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Sometimes, I would tuck my head under my pillow and I would scream. I would scream so loudly, everyone should have been able to hear me. Everyone. My next store neighbor, my chemistry teacher across town, my grandma in Florida. They all should have heard me.
Except, no one ever heard me. And, if they did, they didn’t save me.
The thing was…the thing was, George Daniels was in love with me.
No one saw it until I pointed it out. When they finally saw it, they thought it was cute. They said I should be honored. It didn’t make their skin crawl. It didn’t make them feel completely exposed, like everyone could see right into their soul. That was me. That’s how it made me feel.
He stared at me. I always knew when he was around. I could feel his eyes. I would be laughing, casually glancing about as I did so, and I would meet his eyes across the crowded cafeteria. A chill would run through my bones, the laugh disappearing from my mouth forever.
It was wrong. All wrong.
I would feel his eyes at the movies. I would feel them at the mall, at school, at the aquarium. I would be with anyone—Jessalyn, my parents, even Bradley—and he was always there. Watching.
No one understood. If I even mentioned how it made me feel, people would look at me, their lips pressed together, and tell me that was a rude thing to say. They would say it was just George. He didn’t mean any harm.
They didn’t hear a thing I said. They never heard me.
I couldn’t escape him. No matter where I went, I could feel him. Sometimes, he wasn’t even there. Sometimes, I knew he couldn’t be there. Like when I went to Florida to visit my grandparents, yet still felt exposed lying on the beach. He wasn’t there—couldn’t have been there—but I felt his eyes. Watching.
I felt like a soldier at war, constantly surrounded by enemies. Except, I was constantly surrounded by him. He was on all sides, all angles, and all edges. No matter where I was, I had to be ready for an attack. He was my Big Brother, and I was too weak to fight back.
One day, however, I wasn’t too weak. One day, the pit in my stomach lapsed, and I was able to retaliate.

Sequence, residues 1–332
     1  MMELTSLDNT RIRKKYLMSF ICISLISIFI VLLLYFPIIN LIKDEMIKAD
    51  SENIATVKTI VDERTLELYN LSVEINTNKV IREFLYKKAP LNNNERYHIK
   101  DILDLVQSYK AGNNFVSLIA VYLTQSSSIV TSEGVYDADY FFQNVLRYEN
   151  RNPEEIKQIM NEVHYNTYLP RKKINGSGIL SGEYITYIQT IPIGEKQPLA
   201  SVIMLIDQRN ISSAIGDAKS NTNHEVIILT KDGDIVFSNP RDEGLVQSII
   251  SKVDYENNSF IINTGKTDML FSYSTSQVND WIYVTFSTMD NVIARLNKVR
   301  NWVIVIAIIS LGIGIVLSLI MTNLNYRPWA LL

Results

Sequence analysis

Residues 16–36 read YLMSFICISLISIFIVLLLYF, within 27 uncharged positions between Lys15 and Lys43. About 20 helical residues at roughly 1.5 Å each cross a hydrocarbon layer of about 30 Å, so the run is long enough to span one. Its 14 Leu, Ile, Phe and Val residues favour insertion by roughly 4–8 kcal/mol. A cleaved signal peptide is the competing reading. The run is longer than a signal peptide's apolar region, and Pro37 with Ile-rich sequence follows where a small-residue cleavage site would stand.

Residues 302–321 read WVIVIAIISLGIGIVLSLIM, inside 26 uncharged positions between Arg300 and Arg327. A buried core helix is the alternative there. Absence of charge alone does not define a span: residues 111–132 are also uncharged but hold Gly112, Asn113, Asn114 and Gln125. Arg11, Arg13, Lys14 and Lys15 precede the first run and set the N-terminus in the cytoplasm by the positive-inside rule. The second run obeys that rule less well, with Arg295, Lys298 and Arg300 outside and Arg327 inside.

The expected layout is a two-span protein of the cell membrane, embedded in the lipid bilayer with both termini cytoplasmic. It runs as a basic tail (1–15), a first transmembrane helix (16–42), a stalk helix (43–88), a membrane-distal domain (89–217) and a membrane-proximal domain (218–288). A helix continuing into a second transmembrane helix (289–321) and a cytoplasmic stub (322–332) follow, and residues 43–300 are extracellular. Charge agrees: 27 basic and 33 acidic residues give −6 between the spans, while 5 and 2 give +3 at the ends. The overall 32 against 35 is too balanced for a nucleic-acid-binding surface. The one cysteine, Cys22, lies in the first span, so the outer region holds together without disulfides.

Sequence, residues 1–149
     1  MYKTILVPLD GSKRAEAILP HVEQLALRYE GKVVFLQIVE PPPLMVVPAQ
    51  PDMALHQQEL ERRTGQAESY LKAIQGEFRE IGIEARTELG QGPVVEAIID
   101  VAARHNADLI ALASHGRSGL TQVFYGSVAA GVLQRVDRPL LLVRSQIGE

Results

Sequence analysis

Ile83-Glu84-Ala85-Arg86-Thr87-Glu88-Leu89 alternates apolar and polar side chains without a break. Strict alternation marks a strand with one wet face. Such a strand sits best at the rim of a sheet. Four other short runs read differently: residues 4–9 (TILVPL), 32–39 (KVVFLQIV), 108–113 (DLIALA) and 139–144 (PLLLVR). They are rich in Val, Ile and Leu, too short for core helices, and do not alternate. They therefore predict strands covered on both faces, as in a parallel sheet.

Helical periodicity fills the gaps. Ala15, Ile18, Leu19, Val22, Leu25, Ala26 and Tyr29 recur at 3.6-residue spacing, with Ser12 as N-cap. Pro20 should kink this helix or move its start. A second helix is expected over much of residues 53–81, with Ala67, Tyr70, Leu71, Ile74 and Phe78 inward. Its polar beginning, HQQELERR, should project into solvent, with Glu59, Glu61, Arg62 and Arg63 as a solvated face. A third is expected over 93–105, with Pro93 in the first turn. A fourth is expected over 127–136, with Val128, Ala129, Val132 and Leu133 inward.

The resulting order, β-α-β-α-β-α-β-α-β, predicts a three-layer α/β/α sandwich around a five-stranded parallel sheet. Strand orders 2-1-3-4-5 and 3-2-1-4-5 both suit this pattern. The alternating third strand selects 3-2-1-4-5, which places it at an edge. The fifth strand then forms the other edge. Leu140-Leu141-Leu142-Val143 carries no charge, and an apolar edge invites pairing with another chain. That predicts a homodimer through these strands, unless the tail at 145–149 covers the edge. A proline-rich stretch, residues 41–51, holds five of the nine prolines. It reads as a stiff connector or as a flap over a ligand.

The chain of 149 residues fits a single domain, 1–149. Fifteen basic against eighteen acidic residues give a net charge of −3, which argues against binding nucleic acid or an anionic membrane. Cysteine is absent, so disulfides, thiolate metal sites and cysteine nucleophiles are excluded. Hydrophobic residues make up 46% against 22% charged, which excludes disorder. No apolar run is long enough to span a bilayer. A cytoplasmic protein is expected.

We were in Civics, and Mr. Winters was lecturing us on panopticons. And I turned around to whisper something to Bradley, a smile on my lips, and I saw George watching me.
I lost it.
To me, he was disgusting. His expression was always blank, his eyes dead. His mouth was always slightly open, his buck teeth protruding the slightest bit. His skin was flaky and filled with acne. His nose perpetually stuffy and his ears filled with wax. His stomach flopped over the edge of his belt, and his pants were too tight. He wore Dickeys, shoes even my grandpa had enough couth to avoid.
I grabbed my stomach, nausea overtaking me. No, no. I couldn’t go on. I couldn’t do this anymore. I could no longer be weak, letting him control my life. I could no longer exist in the panopticon I called my life. I turned back around, and he was still staring.
“No,” I whispered. Bradley stared at me, confused. “No!” I said louder. I stood up. Mr. Winters stopped in midsentence, dumbfounded. I turned to face George, pointing at him. “Stop! Stop! Stop! Stop!”
“Are you okay?” Bradley whispered to me, tugging at my hand. But I couldn’t answer, could hardly see him, acknowledge him, understand him. It was just George and me, standing in a dark room with a single spotlight between us. Him staring at me with those dead eyes, breathing heavily and snuffling. Me dying inside.
“Just stop,” I pleaded with George. “Please stop.” Tears were filling my eyes, and I couldn’t help myself. I couldn’t do it any longer. “Please just leave me alone. Please. I can’t do this anymore.” I whispered, “Please leave me alone.”
I fell back in my seat, and put my head down. I cried.
By the end of the day, everyone had heard about my meltdown. Bradley and Jessalyn tried to play it off as a joke, but everyone knew it wasn’t. People kept throwing George sidelong looks, wondering what he had done to me. None of them saw it.
I didn’t try to explain to anyone, not even Bradley and Jessalyn. I had tried before, and they hadn’t understood. They had deaf ears and judgmental eyes. They saw what they wanted, not what was actually there.
Blind to my pain.
After that explosion, I knew I couldn’t do it. Even if he did stop—which I knew he wouldn’t, couldn’t—I would always feel him. I would always get that feeling on the back of my neck, like someone was breathing on me slowly, but heavily. I couldn’t do it.
I cried because I knew. I knew I couldn’t escape my panopticon. Once you were in, there was no escaping. I was trapped.
I would never get rid that feeling. Never be able to walk by people and not feel as though they had just viewed the movie of my life. Anytime I would meet a new person, I would feel as though they already knew me and had spent time studying me. Even my old friends would look at me with a new look in their eyes: a look of realization.
Sometimes, I felt that if I would just tuck my head under my pillow with a revolver and slowly pull back on that last bit of fleeting hope, everything would be okay. Except, I knew it wouldn’t be okay. Because they wouldn’t hear. All of those people who had turned away when I had screamed for a savior would once again be deaf to my pleadings.
I did it anyway. I was right. No one heard.
At least in hell they hear your screams.